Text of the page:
Snappsy the Alligator (Did Not Ask to Be in This Book)


Written by Julie Falatko, Illustrated by Tim Miller

Viking, 2016

Snappsy the alligator wasn’t feeling like himself.

The plot in a nutshell:  An alligator is harassed by a narrator.

After being described as draggy and baggy, Snappsy interrupts the narrator to point out that he’s just hungry. He goes searching for food and points out that the narrator is merely telling the reader what they can already see in the pictures. The narrator goes on to say that Snappsy is mean and likes to eat fuzzy bunnies, but he is actually just going to the grocery store to buy food. The narrator continues to give him a hard time as he prepares for a party and finally, Snappsy gets frustrated and yells at him. The party is in full swing and Snappsy opens the door to let the narrator (a chicken) join the crowd.  Everyone has a fun time.

In her first book, author Julie Falatko has a lot of fun playing with the fourth wall and the concept of a (very) unreliable narrator. As soon as we are introduced to Snappsy, the narrator starts telling us things about him and Snappsy starts protesting, insisting that they are not true. While it’s a funny idea that continues to build as the story goes along, it is also a wonderful example of how easy it is to believe everything you hear about someone you don’t know.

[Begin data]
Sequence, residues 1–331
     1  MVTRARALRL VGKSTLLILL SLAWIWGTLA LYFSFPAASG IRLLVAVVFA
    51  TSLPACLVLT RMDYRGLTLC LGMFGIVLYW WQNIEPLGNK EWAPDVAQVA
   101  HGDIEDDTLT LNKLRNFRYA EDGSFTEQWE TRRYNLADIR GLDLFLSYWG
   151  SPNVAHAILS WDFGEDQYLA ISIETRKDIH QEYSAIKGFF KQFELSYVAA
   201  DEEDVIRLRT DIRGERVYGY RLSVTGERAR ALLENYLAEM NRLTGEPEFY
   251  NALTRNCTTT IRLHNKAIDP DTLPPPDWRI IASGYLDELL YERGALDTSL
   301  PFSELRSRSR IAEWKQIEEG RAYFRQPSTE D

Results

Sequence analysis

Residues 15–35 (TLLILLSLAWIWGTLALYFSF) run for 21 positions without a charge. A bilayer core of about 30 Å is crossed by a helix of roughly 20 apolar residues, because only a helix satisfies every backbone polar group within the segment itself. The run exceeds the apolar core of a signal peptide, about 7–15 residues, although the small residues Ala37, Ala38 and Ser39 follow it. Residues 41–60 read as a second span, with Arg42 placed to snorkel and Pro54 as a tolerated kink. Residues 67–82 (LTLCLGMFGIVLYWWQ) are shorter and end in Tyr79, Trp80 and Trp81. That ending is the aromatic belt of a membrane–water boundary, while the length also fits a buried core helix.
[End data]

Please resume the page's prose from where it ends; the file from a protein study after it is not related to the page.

This grocery store organizes its foods alphabetically.

We see firsthand evidence of this in Tim Miller’s illustrations, which are done in brush and ink, with the assistance of (as he puts it) ‘computer hocus-pocus.’ When the narrator says that Snappsy eats innocent bunnies, a group of terrified rabbits runs away from him and everyone around him seems suspicious of him as the narrator continues to belittle his character. The importance of judging for yourself and not just taking everything you hear as fact is especially meaningful in this era of fake news and misrepresentations on the internet. And the ending models some real kindness, when Snappsy invites the narrator to join his party, in spite of all the hassles he’s given him.

And what did we learn?  What I take away from this book is that you’ll hear a lot of opinions in your lifetime – be wise when choosing the ones to take to heart.


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